Lastminute.com has launched an app for the T-Mobile G1 that does a pretty amazing job of creating an "augmented reality" interface on a cellphone. But, amazing as it is, it's just a flavor of what next-gen cellphones will deliver as augmented reality displays—true sci-fi stuff is coming sooner than you think.
Lastminute's Nru app—pronounced "near you"—is part of the trend of location-based services that tell you where nearby food outlets are located, along with shops, entertainment sites and so on. But instead of delivering the data in a boring old list, it does something rather splendid: it displays the info in a real-time swirling compass-like wheel that responds to both your location on the planet and which way you're pointing when held horizontally, and as a fab "reality overlay map" when held vertically. Check it out in the video.
It's simple, but very effective since it combines both the GPS system in the phone and the electronic compass, and maximizes the 3G broadband network to deliver timely data based on your location to your phone.
Augmented reality's been around for years as a concept, if you start with the idea that a pilot's head-up display is a very crude form. The view Iron Man has through his visor is a more modern sci-fi representation, closer to what current technology can achieve. The technology is a recent focus of many tech companies—we recently showed you Vuzix's new display goggles that can do both VR and AR, for example. Nokia itself showed a lab-built technology demonstrator dubbed MARA (Mobile Augmented Reality Applications) a few years ago, that combined a camera-equipped cellphone with GPS and accelerometers. The system located itself and downloaded info about the landmarks surrounding the user. The team also worked on image recognition—the imagery from the phone was sent to a central computer that could then determine what the phone was pointing toward and send data back, as a graphical overlay to the display.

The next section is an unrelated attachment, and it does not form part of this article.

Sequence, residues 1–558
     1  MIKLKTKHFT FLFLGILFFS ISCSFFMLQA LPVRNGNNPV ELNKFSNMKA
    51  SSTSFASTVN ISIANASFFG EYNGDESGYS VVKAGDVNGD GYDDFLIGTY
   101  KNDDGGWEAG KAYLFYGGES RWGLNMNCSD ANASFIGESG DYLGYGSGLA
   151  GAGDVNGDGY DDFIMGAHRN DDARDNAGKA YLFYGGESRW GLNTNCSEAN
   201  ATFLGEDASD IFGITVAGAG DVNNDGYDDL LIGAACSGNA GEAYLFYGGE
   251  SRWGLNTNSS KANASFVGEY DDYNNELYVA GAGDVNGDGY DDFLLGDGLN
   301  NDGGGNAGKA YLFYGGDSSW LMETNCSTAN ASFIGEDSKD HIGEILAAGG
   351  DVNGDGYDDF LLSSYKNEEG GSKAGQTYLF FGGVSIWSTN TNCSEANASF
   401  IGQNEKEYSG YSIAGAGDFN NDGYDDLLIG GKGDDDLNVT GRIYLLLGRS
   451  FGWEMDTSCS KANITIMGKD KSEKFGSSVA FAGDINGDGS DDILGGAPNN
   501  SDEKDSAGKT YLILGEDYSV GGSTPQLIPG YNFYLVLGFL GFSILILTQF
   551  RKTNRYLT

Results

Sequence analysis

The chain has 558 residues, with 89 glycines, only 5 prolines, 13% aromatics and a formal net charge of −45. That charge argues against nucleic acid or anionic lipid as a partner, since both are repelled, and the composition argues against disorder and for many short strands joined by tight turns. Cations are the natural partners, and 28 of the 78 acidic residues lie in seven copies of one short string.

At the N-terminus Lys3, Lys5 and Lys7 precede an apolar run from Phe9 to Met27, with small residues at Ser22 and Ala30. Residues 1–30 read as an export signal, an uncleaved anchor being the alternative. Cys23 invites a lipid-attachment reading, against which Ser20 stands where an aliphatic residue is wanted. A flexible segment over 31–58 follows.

Crude augmented reality has taken off, mainly in Japan, as a bit of a craze in the form of QR codes. They're simply 2D barcodes, with protocols enabling them to store data like phone numbers, contact details and URLs, and since they're easy to produce they can be printed out as stickers and slapped on just about anything. To read them you simply snap a picture with your cellphone's camera, decode the QR stamp with a simple app and follow the linked data.
QR codes may not be high-tech augmented reality, but it's a pretty powerful demonstration of the potential of the tech all the same.
And it's in the next generation of smartphones that augmented reality will really take off. Nru is a basic demonstration, using the current consumer state-of-the-art tech in the G1 Android phone, which also has an excellent navigation AR system in Googlemaps. Similar apps exist for the iPhone, which lacks an electronic compass. But both of these smartphones lack truly fast graphics chips and have camera units that are very slow to update.
Partly this is a space-saving consideration, partly it's for reasons of cost and battery life. But with 8-megapixel camera phones hitting the market, electronic compasses becoming cheaper, improved battery tech and the promise of excellent graphics chips and more powerful, less power-hungry mobile processors for cellphones, the very next generation of smartphones will be powerful enough to handle augmented reality properly. Apple's recent patents, for example, show the company's very seriously looking into location-based services—possibly for the generation 3 iPhone.
And here's why: AR is basically a killer app for smartphones. Your phone becomes more than a communications and entertainment device—with good AR it becomes more like a digital companion.
Perhaps even more importantly, location-based services let advertisers reach highly specific audiences more accurately and for less cost. The clue is in Nru's owner: It's a travel and entertainment website itself.